It doesn’t choose its targets. It doesn’t favour some over others. It’s unpredictable, devastating and enduring.
The myth of unemployment in Australia is incredibly damaging, as it allows the government to continually keep the rate of unemployment benefits so slow.
Unemployment is not left for dole bludgers who don’t want to work. I’ll say that again, unemployment is not kept for dole bludgers who don’t want to work. There’s no criteria for unemployment; it can happen to anyone.
As the casualisation of the workforce continues, and the gig economy continues to rise, the risk of unemployment is also increasing for all employees. Most employers offer 5 sick days a year for full-time workers; however, those in casual jobs or who work in the gig economy have no provision for extended leave at all. An injury, significant illness or external matter could see them lose their job and suffer the extreme financial consequences of losing income.
This past week, we have witnessed immense flooding in New South Wales, which has resulted in the destruction of numerous communities. No one could have predicted the extent of the flooding which has occurred. But, these people impacted will now have to take extended breaks from work. For those who were casual workers, part-time workers or even full-time workers affected significantly by the flooding, this could easily lead to unemployment.
$44 a day.
This isn’t the stereotypical person from a low-socioeconomic background who doesn’t want to go and find a job. These are the people who have suffered from circumstances out of their control and are appealing to the government for support. The government’s response: $44 a day. Could you live on that? By yourself, maybe. But, if you are trying to support a family, it doesn’t even come close to adequate. In fact, it is more than 25% below the poverty line in Australia.
Unemployment is also enduring. Job seeking in Australia’s labour market is challenging. There is currently an average of 8 people vying for every available position, and even before the pandemic, there were at least 6. This is not a matter of being less qualified than another candidate; this is merely the sheer number of people looking for work in a market that is failing to provide enough options.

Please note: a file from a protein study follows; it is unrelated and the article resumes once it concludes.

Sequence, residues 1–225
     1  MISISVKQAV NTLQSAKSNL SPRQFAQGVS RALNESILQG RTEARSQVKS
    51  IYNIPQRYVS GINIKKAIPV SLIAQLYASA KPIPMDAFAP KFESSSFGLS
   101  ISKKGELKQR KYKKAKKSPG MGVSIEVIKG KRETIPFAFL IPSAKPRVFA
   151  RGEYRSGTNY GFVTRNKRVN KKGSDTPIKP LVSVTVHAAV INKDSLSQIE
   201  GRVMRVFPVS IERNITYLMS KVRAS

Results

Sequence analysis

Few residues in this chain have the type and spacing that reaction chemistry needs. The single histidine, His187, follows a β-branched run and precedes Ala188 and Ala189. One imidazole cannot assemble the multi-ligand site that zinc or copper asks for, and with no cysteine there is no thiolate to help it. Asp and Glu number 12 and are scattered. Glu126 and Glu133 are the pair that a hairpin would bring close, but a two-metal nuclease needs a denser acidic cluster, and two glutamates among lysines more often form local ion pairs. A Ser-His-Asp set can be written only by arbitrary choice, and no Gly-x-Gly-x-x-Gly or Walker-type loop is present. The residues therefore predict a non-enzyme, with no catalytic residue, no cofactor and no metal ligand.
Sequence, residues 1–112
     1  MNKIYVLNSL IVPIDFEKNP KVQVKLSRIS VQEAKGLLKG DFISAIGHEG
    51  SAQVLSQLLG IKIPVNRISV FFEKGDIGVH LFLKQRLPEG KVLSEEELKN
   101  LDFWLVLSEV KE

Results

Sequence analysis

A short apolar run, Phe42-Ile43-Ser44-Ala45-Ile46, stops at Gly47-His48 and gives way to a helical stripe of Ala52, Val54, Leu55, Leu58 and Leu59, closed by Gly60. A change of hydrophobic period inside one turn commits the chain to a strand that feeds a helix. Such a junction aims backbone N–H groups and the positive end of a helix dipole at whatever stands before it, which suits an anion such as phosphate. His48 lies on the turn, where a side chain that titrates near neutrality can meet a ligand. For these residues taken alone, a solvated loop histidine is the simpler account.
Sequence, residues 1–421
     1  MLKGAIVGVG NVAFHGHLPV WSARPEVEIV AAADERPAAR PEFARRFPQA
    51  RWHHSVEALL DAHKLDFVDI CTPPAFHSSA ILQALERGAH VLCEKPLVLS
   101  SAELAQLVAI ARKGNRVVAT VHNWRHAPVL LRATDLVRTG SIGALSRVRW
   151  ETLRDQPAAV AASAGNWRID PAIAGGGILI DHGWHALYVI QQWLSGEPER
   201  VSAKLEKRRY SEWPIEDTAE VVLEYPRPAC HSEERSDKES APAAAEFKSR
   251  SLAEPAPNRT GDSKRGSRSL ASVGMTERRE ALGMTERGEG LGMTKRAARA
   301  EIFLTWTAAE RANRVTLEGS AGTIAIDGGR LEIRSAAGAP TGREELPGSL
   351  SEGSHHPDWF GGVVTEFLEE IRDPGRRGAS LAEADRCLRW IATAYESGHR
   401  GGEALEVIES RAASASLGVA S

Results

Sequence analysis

The Liberal Government continues with this myth regarding unemployment and argues that keeping people in poverty is necessary to incentivise them to find work. It’s like a trampoline where you are encouraged to get up and bounce back, but your older brother is standing next to you and double bounces you every time you attempt. Your knees buckle, you fall back down, and your hope or motivation of trying again diminishes each time.
In fact, since the Liberal Party came to government in 2013, the number of people who rely on unemployment payments for more than 5 years has doubled to over 150,000. Where is the incentive, Scott Morrison? Unless the plan is to send more people into poverty, further widening Australia’s economic inequality to increase Australia’s upper class’s power and wealth?
The impact of this policy on wage growth is also overwhelmingly concerning. Keeping people in such dire poverty while they look for work puts significant downward pressure on wage growth. It becomes a competition for who can work for the least amount of money, as there is always someone waiting at the door to replace you.
The myth of unemployment is enabling the government to keep wage growth down and limit any increase to unemployment benefits.
This myth isn’t confirmed or plausible. It’s busted.